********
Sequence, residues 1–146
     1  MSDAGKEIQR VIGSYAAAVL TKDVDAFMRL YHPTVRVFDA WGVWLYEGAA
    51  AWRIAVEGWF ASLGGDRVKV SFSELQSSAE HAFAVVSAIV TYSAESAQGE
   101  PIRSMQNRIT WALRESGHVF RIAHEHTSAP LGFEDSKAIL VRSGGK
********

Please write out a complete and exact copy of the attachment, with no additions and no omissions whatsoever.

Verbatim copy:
Sequence, residues 1–146
     1  MSDAGKEIQR VIGSYAAAVL TKDVDAFMRL YHPTVRVFDA WGVWLYEGAA
    51  AWRIAVEGWF ASLGGDRVKV SFSELQSSAE HAFAVVSAIV TYSAESAQGE
   101  PIRSMQNRIT WALRESGHVF RIAHEHTSAP LGFEDSKAIL VRSGGK